Etihad Airways reduces Air Serbia ownership stake


Air Serbia has been recapitalised by the government of Serbia, with the state increasing its stake in the company from 51% to 82%, while part-owner Etihad Airways has reduced its share from 49% to 18%. The increase in the company's share capital has been undertaken in order to mitigate the effects of the coronavirus pandemic. Commenting on the development, Air Serbia's CEO, Duncan Naysmith said, "We are grateful to the Government of the Republic of Serbia for providing support to the national airline to overcome business obstacles caused by the coronavirus pandemic in the most difficult year in the history of passenger air traffic". He added that "in this way, the foundations have been created for further uninterrupted business and that, with fundamental measures to rationalise the company's operations, which are already well underway, Air Serbia will be able to overcome difficulties, strengthen its position as a leader in the region and continue to provide direct and an indirect contribution to the Serbian economy, primarily transport and tourism". 

In October, the Serbian government adopted a decree which enables it to recapitalise Air Serbia. Through recapitalisation, the state can increase its share in the company, which it can later sell to another entity. The Serbian government hinted over the summer that if Etihad were to fully or partially exit the airline, another strategic partner could be brought in. This recapitalisation measure is in line with the European Commission's Provisional Legal Framework, which regulates state aid to support the economy during the current Covid-19 pandemic.

The strategic partnership agreement between Etihad Airways and the Serbian government, unveiled in August 2013, saw the Emirati airline make available a forty million US dollar loan facility to Air Serbia which was converted into equity on January 1, 2014 for a period of five years. This was matched by an equal funding injection by the Serbian government. The two sides each provided further funding through shareholder loans and other funding mechanisms to meet working capital requirements and support network development. The five-year deal was later extended until further notice, however, Etihad’s involvement in Air Serbia has been significantly reduced, with the state providing subsidies and funds for the airline over the past few years. Etihad registered an 870 million US dollar loss in 2019 and its equity investments in carriers around the world have unravelled in recent years. 

Under the transaction agreement between Etihad and the Serbian government, the Emirati carrier’s part ownership of Air Serbia can be terminated at any time. The agreement states Etihad can pull out of the deal in case of a material adverse event. It further notes, “This agreement shall cease to have any effect from the date of termination and no party shall have any claim against any other party”.

Comments

  1. Toxic comments incoming in 3, 2, 1 ...

    ReplyDelete
    Replies
    1. Anonymous17:13

      Those who complained about UAE company having 49% of European airline have no choice but to celebrate this move. Same for those who embraced increased government stake at some other EU airlines as part of their pandemic subsidy package.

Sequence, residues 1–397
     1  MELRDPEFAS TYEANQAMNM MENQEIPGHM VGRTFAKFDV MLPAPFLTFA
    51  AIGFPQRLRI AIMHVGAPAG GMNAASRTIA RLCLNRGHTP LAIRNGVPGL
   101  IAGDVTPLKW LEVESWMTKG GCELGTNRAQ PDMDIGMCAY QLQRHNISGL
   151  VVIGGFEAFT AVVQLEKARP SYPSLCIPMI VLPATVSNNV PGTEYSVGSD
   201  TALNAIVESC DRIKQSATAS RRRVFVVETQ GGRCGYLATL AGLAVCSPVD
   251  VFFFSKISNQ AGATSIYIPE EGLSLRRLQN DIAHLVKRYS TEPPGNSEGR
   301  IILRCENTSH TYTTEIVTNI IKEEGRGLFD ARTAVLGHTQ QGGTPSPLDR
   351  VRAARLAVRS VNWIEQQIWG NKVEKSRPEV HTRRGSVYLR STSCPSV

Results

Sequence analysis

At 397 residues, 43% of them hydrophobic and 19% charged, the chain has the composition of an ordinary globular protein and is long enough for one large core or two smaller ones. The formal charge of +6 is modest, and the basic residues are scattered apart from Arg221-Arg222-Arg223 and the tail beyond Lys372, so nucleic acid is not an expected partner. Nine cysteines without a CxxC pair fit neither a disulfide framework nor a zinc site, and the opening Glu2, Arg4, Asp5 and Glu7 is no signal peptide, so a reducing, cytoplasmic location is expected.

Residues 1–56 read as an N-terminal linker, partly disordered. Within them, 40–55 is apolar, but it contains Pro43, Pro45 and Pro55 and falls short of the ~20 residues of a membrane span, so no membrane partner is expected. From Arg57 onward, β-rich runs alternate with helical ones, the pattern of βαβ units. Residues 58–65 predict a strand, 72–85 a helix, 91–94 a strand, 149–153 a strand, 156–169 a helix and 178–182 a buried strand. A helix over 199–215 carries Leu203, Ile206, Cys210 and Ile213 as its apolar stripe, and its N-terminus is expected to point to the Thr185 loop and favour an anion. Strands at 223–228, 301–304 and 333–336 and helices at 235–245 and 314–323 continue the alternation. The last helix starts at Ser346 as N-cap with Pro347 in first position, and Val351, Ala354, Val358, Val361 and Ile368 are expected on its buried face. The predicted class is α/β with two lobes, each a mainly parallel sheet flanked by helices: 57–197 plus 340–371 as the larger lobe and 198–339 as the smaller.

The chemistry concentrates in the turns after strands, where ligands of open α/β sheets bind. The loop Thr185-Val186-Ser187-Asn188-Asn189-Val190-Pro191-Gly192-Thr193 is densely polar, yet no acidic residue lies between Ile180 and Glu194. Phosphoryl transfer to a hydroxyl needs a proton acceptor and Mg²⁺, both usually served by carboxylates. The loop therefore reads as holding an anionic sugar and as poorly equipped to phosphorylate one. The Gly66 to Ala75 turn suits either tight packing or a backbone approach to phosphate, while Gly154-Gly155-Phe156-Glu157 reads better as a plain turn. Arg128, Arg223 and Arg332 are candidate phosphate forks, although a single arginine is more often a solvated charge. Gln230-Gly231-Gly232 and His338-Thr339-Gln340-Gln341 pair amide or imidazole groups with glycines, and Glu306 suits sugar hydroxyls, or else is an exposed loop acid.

With news being this good, toxic comments will have a hard time in my opinion.

      Delete
  2. Anonymous16:24

    All that aid is worth just 31%? In a company which effectively has negative balance i.e. assets worth below the amount of debts.

    ReplyDelete
    Replies
    1. Anonymous20:38

      No, but in order to make this capital injection both parties had to agree. You could not do it against the will of the 49% shareholder. And that was the price to be paid by Serbia. Etihad could have actually allowed for Air Serbia to go under and GoS could not. Difficult negotiations for GoS.

      For this reason a valuation of Air Serbia for this transaction was 322 mln euro, which of course has no link with reality. I am assuming all money are going to equity and not partially as a loan.

      Delete
  3. Anonymous16:25

    Interesting they aren't fully exiting.

    ReplyDelete
    Replies
    1. They will for sure make some more money on that project before they leave.

      Delete
    2. Anonymous17:00

      How do you know that "for sure"? Please provide some facts links and sources.

      Delete
    3. Anonymous17:06

      You want MM to get access to their internal documents and reveal it in a comment? xD

      Delete
    4. Anonymous17:18

      If someone claims "for sure" but provides no sources or evidence, it would make it a fair game to call such claim imaginary.

      Delete
  4. Anonymous16:45

    Serbia got some huge-ass donation from the UAE (Abu Dhabi) which included dozens of MRIs, CT scanners, ventilators, lots of PPE. So I guess it was a "donation" because the government only will be injecting cash into JU and not Etihad.

    ReplyDelete
  5. Anonymous16:58

    Unexpected that they kept 18%.

    ReplyDelete
  6. Anonymous16:58

    wow

    ReplyDelete
  7. Anonymous16:59

    The writing was on the wall years ago.

    ReplyDelete
  8. Etihad did a great job for AirSERBIA. From a dying airline to one of the best in this part of Europe.
    Once this pandemic is over we are going to witness the constant rise of our national airline. Would be wise to establish a strategic partnership with Russia or China and secure a long term stability. Just stay away from Westerners and we can hope for a bright future of Serbian airline.

    ReplyDelete
    Replies
    1. Anonymous17:10

      "From a dying airline to one of the best in this part of Europe."